Ann Bednarski: State’s education needs to return to its former glory
Lately I have been contemplating the decision I made to relocate to Nevada after thoroughly researching the state and spending a week in Carson City. Today I am savoring the first year I spent in Carson City and wish some things were the same as they were then.
I moved here in 1995, excited and enthusiastic about getting settled. I was happy. Nevada is a beautiful state with a plethora of natural wonders. There are many talented people here who love it as well. Too many of them are now unemployed.
During my decision-making process, I learned a lot about Nevada from multiple sources. I loved that it was relatively small and had something for everyone to enjoy. Las Vegas was too glitzy for me, frenzied and saturated with spectacular casinos and maddening traffic. Carson City is quaint, historic and very friendly. The State Capitol, Archives and Museum are huge assets. The proximity to Lake Tahoe is another plus.
I had learned that the quality of education in Nevada was slipping and felt a challenge that would be in line with my passion.
The interviews I had with the state Department of Education and schools here and in Reno all required a credential. The process of securing a credential was grueling and went on for months. It should be streamlined and include reciprocity with other states.
I finally got a credential. As fate would have it, I was in a debilitating accident just before the license arrived that handicapped me. I knew I could not walk around my classroom, as is my style. The credential, however, allowed me to tutor several students over the years.
Recently I was one of several women who taught a reading course to parents and their children. It was sponsored by the Republican Women’s Club and open to everyone. Twenty-one students and their parents attended the weeklong program.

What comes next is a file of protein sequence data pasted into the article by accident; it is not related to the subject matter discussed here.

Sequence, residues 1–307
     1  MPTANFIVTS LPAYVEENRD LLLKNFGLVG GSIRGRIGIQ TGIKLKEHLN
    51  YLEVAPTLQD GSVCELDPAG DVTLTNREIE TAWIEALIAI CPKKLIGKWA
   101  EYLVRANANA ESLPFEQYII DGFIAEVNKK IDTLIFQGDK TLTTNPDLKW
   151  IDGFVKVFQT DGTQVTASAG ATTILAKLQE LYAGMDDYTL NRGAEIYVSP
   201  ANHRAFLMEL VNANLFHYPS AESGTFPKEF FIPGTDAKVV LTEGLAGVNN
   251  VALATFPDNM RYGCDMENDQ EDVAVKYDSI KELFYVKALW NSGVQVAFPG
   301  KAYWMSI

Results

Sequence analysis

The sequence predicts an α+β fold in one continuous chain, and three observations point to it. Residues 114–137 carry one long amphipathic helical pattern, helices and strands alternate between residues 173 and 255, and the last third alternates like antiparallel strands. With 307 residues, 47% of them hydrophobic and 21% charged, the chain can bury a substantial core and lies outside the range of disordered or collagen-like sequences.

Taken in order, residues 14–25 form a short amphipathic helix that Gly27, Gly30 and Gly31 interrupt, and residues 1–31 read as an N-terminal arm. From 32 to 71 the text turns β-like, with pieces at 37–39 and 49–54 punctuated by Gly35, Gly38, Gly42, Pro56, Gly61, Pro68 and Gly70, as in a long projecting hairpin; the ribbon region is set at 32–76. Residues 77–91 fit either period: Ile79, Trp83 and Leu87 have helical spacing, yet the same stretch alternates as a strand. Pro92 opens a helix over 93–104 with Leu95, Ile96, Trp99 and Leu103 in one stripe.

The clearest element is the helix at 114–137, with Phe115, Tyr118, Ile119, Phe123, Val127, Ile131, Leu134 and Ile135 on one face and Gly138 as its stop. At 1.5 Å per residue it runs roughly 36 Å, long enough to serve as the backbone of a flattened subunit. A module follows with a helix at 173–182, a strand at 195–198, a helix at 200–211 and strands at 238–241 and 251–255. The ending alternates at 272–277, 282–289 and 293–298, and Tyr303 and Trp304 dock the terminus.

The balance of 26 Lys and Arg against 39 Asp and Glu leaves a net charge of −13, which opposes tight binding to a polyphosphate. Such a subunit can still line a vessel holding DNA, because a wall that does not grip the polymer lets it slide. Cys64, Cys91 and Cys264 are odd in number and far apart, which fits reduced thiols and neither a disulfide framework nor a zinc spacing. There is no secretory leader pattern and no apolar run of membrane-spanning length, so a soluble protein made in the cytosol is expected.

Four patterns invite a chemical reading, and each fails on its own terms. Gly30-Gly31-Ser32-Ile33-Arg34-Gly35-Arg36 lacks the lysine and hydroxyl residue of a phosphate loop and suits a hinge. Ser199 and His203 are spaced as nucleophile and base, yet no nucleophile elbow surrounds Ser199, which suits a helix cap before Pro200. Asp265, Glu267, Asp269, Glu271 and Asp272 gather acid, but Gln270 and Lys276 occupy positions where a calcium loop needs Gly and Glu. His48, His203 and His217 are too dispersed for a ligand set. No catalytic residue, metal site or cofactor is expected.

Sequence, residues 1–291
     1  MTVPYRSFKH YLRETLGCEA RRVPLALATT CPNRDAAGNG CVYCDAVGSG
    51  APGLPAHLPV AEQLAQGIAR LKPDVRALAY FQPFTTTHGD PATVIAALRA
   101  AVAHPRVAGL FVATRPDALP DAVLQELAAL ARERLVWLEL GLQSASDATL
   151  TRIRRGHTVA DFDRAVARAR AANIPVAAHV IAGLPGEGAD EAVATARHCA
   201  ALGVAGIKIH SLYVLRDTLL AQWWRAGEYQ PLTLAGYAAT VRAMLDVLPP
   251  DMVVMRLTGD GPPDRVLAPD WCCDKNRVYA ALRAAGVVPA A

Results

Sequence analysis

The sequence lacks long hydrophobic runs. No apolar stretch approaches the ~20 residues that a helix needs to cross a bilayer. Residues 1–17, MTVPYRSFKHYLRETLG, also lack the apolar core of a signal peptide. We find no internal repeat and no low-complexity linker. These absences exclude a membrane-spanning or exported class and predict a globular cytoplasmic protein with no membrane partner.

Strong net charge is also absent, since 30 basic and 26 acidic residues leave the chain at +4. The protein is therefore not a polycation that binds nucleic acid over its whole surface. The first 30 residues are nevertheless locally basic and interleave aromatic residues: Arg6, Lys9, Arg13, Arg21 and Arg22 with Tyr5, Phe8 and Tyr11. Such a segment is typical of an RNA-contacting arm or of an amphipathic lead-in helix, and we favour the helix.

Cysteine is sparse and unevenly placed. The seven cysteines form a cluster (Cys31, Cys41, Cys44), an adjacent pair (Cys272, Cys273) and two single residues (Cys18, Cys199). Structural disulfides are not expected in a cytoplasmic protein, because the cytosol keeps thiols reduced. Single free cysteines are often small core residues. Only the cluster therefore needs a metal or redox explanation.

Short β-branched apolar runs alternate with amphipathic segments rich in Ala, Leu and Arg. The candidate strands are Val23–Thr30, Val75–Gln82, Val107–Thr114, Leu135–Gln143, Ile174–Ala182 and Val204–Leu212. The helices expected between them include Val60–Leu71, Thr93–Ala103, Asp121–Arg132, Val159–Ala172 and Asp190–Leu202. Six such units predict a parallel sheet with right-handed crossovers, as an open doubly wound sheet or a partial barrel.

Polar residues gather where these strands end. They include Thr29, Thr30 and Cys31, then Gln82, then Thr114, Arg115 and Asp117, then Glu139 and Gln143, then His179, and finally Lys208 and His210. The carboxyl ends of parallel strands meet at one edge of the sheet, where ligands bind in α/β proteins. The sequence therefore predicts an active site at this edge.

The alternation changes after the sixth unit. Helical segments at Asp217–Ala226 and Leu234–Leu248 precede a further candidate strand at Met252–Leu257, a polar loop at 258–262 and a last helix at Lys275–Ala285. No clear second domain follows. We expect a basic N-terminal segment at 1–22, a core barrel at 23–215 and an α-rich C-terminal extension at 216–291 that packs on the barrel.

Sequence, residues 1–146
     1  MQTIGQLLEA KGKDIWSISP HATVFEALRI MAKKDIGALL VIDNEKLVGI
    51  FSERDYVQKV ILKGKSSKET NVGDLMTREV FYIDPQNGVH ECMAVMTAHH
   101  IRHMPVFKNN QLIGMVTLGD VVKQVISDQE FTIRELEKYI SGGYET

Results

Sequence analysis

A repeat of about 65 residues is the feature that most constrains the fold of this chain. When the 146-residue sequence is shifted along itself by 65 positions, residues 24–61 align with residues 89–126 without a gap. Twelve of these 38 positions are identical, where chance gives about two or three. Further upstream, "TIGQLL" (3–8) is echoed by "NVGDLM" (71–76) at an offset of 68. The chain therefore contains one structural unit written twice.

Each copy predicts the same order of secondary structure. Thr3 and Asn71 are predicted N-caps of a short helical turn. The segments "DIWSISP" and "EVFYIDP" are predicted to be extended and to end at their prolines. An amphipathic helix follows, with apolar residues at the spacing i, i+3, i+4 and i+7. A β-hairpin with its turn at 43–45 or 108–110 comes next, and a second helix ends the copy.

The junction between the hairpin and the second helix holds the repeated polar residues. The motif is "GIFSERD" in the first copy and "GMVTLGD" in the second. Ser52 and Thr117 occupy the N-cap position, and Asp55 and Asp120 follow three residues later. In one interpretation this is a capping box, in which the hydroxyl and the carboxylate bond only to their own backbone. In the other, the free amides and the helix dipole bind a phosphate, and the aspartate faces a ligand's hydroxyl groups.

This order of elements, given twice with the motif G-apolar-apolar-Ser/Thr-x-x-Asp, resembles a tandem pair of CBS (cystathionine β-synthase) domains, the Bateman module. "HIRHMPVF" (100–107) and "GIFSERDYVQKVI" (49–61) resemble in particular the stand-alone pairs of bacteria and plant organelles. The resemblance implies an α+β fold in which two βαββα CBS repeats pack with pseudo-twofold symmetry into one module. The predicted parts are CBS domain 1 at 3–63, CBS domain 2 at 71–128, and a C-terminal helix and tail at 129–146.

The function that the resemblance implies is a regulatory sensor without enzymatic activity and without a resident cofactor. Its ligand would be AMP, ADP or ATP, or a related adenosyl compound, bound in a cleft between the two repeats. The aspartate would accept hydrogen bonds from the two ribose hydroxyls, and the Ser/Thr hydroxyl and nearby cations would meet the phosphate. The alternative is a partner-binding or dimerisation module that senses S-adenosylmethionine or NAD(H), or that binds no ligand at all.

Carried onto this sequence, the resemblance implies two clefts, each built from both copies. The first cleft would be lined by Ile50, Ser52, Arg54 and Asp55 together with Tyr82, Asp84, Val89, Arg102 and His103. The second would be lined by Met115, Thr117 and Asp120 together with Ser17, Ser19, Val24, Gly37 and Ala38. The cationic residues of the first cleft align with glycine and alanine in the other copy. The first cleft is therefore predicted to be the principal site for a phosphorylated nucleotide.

I inquired why the school district was not involved. The coordinator was told the teachers did not think they had time to promote this valuable program. The tax money to fund our schools amounts to more than $10,000 per student, higher than the national average. I wonder why a free supplemental program is ignored.
The program is designed to get parents and children involved together to learn reading skills. I have used this approach with several students from four continents. It works for all languages! This cooperative, non-graded endeavor only enhances the educational experience.
Our state ranks 50th in quality of education, according to the Annie E. Casey Foundation’s Kids Count Data Book. Why? Children’s health and general well-being are ranked 48th and 47th, respectively. What has happened to Nevada’s education system? Haven’t we put millions if not billions of dollars into it? Money does not improve the quality of education. Commitment, high standards and working hand in hand are far more valuable. Our schools need to return to academic institutions. The socialization will come naturally when students learn to think and weigh decisions about their lives. Mediocrity is simply not good enough for our children, the future of our country. Excellence is what we have to stress.
WE, THE PEOPLE, who pay high taxes for the education of our children, should insist on quality first and foremost in the classroom.
Ann Bednarski is a retired educator and journalist.